The following is the closing argument from the movie “A Time to Kill”. If you’ve seen the movie or read the book, you know how it ends. If you haven’t, please take a few minutes to view this scene.
One of the paradoxes of history is the relationship between the beliefs and the practices of the early Christians as compared to those of the culture around them.
The Greco-Roman world’s religious views were open and seemingly tolerant–everyone had his or her own God. The practices of the culture were quite brutal, however. The Greco-Roman world was highly stratified economically, with a huge distance between the rich and poor. By contrast, Christians insisted that there was only one true God, the dying Savior Jesus Christ. Their lives and practices were, however, remarkably welcoming to those that the culture marginalized. The early Christians mixed people from different races and classes in ways that seemed scandalous to those around them. The Greco-Roman world tended to despise the poor, but Christians gave generously not only to their own poor but to those of others faiths. In broader society, women had very low status, being subjected to high levels of female infanticide, forced marriages, and lack of economic equality. Christianity afforded women much greater security and equality than had previously existed in the ancient classical world. During the terrible urban plagues of the first two centuries, Christians cared for all the sick and dying in the city, often at the cost of their own lives.
Why would such an exclusive belief system lead to behavior that was so open to others? It was because Christians had within their belief system the strongest possible resource for practicing sacrificial service, generosity and peace-making. At the very heart of their view of reality was a man who died for his enemies, praying for their forgiveness. Reflection on this could only lead to a radically different way of dealing with those who were different from them. It meant they could not act in violence and oppression toward their opponents.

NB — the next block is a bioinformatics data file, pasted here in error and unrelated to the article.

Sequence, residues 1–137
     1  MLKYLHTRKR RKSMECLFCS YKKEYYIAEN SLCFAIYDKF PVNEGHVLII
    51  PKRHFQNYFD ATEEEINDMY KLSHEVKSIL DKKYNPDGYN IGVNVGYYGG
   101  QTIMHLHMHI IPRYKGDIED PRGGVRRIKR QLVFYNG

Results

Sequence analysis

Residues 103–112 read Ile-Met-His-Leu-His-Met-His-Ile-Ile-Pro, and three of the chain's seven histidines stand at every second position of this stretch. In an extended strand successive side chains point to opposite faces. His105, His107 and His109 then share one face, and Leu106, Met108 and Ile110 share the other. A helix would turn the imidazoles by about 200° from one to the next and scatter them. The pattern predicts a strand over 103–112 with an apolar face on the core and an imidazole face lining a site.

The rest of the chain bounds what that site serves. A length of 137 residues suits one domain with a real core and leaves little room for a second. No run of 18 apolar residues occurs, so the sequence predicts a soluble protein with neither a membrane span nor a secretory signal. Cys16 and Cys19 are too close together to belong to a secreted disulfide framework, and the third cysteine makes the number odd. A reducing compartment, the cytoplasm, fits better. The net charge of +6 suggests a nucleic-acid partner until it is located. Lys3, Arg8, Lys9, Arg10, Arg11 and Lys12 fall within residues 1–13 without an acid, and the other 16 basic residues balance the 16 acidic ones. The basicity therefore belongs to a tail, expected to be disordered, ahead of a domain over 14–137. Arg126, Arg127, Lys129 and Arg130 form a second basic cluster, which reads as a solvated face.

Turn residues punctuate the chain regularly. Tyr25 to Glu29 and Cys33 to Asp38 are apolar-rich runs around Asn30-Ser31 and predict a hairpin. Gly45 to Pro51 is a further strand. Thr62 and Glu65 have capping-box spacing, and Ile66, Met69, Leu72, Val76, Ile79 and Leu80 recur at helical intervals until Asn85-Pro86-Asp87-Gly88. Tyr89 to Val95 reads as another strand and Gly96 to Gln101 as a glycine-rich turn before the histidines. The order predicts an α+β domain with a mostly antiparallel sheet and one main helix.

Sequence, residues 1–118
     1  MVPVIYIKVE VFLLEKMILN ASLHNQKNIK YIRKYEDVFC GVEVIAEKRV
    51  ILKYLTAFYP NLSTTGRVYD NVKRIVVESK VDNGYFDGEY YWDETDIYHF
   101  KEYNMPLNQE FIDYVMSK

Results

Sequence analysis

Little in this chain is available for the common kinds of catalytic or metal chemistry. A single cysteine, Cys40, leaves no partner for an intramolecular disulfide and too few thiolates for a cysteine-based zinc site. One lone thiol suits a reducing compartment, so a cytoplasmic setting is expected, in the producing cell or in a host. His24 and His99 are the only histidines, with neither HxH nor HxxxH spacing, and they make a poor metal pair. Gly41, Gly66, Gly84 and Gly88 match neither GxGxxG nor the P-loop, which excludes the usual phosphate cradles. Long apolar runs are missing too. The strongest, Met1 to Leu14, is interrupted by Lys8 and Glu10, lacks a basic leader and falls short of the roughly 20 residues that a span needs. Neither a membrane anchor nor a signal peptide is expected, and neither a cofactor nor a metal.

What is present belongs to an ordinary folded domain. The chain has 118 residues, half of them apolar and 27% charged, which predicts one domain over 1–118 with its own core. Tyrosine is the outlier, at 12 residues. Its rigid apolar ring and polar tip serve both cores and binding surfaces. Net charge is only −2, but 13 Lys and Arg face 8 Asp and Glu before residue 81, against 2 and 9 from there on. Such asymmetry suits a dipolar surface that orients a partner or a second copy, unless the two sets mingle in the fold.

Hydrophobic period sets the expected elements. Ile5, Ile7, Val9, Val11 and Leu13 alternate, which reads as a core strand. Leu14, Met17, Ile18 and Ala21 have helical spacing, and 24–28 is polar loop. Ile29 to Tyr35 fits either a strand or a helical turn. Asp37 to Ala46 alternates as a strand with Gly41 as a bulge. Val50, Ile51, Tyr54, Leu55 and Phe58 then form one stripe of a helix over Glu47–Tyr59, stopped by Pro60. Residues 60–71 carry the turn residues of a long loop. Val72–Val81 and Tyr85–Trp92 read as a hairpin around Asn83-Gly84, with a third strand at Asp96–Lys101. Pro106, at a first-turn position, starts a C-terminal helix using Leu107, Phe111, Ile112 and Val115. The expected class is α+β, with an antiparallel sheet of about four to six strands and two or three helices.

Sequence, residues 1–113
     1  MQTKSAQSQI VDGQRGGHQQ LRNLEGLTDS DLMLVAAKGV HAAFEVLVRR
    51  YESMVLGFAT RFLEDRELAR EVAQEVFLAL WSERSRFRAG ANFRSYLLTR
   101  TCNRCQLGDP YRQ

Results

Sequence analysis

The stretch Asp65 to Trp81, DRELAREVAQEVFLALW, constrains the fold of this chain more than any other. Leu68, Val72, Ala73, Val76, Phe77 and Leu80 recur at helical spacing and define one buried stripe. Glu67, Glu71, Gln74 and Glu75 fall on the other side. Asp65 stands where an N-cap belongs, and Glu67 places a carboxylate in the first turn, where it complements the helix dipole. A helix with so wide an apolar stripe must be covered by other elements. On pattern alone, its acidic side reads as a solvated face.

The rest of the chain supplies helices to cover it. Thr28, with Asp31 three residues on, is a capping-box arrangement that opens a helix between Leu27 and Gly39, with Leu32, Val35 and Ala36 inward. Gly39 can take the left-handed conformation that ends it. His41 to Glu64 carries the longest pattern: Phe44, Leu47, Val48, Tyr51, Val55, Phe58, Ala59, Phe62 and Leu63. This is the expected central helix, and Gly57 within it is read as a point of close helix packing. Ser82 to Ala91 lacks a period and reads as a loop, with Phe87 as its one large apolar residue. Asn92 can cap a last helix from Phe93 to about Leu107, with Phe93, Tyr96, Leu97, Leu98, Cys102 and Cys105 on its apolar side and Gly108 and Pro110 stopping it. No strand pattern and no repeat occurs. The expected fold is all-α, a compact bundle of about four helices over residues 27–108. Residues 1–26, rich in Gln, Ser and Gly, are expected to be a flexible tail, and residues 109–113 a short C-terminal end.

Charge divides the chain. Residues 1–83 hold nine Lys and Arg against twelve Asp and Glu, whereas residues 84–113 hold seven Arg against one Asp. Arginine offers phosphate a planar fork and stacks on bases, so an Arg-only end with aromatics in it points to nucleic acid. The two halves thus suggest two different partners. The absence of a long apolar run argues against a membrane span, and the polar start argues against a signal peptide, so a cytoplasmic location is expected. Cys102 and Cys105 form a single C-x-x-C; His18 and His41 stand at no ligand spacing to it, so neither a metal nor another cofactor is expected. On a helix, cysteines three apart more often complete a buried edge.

Compare the early church to where we are today. To say that we’ve strayed off point would be one of the biggest understatements of this century. Many of us are so focused on what we (and others) shouldn’t do that we lose focus on what we should do: “Jesus replied: ‘Love the Lord your God with all your heart and with all your soul and with all your mind. This is the first and greatest commandment. And the second is like it: Love your neighbor as yourself. All the Law and the Prophets hang on these two commandments.” (Matthew 22:27-30)